The European Parliament voted overwhelmingly in favor of a common charger between manufacturers. The resolution passed with 580 votes vs 40 votes that were in favor of the change. It urges the European Commission to adopt new rules by July that would make it so buyers don’t necessarily get a new charger with each new smartphone.
Ten years ago, the EU got major phone makers, including Apple, to voluntarily move towards a common standard. Now, MEPs believe that the voluntary approach has not worked out. For that reason, they want the new legislation to pass as soon as possible.
The resolution highlights wireless chargers as a way to reduce electronic waste. However, the rules in the new legislation ensure that chargers can work with various phone brands. If you’re familiar with the case, you know that Apple argued against a common charger. The Cupertino-firm states that this will eventually stifle innovation. Furthermore, it will create electronic-waste since existing Lightning Chargers and Cables will need to be replaced out for USB-C, the preferred common standard. We can see why Apple is against this move since all its iPhones are equipped with Lightning ports. Meanwhile, most smartphone brands already switched to USB-C. This way, the only company greatly affected by the change is the iPhone maker.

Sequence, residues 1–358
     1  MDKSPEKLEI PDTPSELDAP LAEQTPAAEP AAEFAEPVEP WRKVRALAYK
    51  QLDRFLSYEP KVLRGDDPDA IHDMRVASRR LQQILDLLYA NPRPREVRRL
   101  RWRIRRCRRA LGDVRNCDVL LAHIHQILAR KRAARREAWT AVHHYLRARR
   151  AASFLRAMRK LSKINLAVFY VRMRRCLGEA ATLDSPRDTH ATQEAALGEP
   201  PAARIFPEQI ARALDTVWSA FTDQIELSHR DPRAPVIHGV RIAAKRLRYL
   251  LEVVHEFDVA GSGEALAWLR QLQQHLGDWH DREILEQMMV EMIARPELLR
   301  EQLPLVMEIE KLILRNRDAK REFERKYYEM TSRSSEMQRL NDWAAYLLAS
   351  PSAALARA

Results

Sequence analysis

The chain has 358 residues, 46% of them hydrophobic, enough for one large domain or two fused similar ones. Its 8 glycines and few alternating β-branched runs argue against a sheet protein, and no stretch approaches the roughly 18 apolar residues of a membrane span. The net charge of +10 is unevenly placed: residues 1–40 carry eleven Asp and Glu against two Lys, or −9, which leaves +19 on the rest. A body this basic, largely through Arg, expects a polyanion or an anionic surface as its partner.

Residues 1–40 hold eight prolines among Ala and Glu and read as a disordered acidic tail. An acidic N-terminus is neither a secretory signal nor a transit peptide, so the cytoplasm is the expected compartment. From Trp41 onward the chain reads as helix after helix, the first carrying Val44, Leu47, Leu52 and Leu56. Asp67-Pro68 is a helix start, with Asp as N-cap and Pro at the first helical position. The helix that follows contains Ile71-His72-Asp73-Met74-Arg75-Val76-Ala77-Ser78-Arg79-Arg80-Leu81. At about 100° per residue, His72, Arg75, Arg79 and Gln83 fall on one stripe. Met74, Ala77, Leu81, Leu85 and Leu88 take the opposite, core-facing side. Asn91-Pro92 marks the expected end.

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Research indicates that the biggest culprit of e-waste is the charging brick
According to sustainablySMART’s research, most of the e-waste is generated by the charging brick, not the cable. The firm suggests companies to ban or disincentivize the inclusion of a charger in the retail packaging for smartphones (Customers will hate this idea). You’d just use your old chargers instead. Ideally, a common charging standard will be part of the legislation.
While Google already requires basic USB Power Delivery support from phones with a USB-C Port, there are several companies with proprietary charging technology. After all, we’re in the middle of a hot trend involving fast-charging techs with 40, 60 and even 80W power delivery. Wireless Chargers are in a similar situation.
You can read feedback by Apple, NGOs and even EU citizens over here.